FIGURES 8 to l0 inclusive illustrate still another embodiment of the present invention which is based on the fact that in practice designs specification for large diameter concrete pipes allow relatively wide tolerances in the diameter of the pipe and thus, tapered pipes within certain limits `are found acceptable. In the drawings, the taper of the pipe has been greatly exaggerated to illustrate the invention in a clearer manner. The third embodiment is preferred to the first two described hereinabove due to the smaller vertical `space required for use of the same and also to the fact that simpler hydraulic power units are required.
The inner mould section 4 is downwardly tapered having a smaller diameter at its base than at its top portion. Mould section 4 is provided with the usual conical cap 5 and is rigidly secured to the outer mould section l by means of at least three radially extending arms 30 which maintain mould section 4 in centered position with respect to mould section I". The outer mould section l." is tapered upwardly having a larger diameter at its basel portion than at its top portion. The cross beam I4" is directly secured to outer mould section l and a top moulding ring 19" is Asecured to the lower end of extensible power units I6 which are secured to cross beam 14 and also preferably to the inside of mould section 1". The assembly of the two mould sections is resiliently supported on the floor F by means of coil springs 3l. Inner mould section 4 is preferably provided with cross member 27" supporting pin 23" engaging a hole F made in i'loor F.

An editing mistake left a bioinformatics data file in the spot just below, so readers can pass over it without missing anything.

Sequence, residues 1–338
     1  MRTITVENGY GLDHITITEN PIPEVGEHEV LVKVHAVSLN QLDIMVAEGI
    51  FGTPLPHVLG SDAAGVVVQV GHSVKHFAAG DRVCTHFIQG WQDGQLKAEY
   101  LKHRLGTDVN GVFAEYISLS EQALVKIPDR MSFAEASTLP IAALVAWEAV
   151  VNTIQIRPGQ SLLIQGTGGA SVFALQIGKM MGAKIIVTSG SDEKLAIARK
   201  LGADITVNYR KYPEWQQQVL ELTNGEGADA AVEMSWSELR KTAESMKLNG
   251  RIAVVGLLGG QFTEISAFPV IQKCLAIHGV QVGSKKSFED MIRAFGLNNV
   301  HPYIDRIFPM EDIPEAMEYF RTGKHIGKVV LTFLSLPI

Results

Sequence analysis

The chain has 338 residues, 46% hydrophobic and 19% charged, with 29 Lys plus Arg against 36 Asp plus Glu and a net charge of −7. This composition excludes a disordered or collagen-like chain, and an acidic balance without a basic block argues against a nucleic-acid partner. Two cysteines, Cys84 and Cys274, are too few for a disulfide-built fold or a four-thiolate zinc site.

The base moulding ring 7" is provided With legs 8" which are normally spaced upwardly from floor F when the base moulding ring is secured against relative movement with respect to mould sections l' and 4" by means of shear pins 2.2".
The two embodiments of FlGURES 5 to l() inclusive allow the use of a vibrator yapparatus shown in FIGURES 8 to l0 instead of the vibrators 13 used in the first embodiment. This vibrator apparatus may comprise a motor and speed reducing unit 31 mounted on the side of mould 1 and driving a shaft 32 through pulleys 33, 34 and belt 35. The shaft 32 is journaled in suitable bearings supported by cross beam I4 and extends across the top of the entire apparatus. Shaft 32 bears eccentric masses 36 which are rotated at high speed to vibrate the whole apparatus.
In use, the top moulding ring 19 is rst in upper limit position to clear the top 5 and allow pouring of the concrete within the moulding space 11", the base moulding ring 7" being in position and retained by shear pins 22". The poured concrete is then compressed as shown in FIGURE 9 by means of top moulding ring 19 and units 16, then pressure is released and the shear pins 22" are removed. Pressure is again exerted by units 16 which cause downward Imovement of the concrete mass until legs 8 abut iioor F and cable B is pulled upwardly and after a short lifting movement of the two moulding ysections 1" and 4 by cable B, the concrete mass is entirely out of contact with said moulding sections as shown in FIGURE l0 and the entire apparatus can then be further lifted together with the top moulding ring without having to make extension units 16 with a long eifective stroke as in the second embodiment.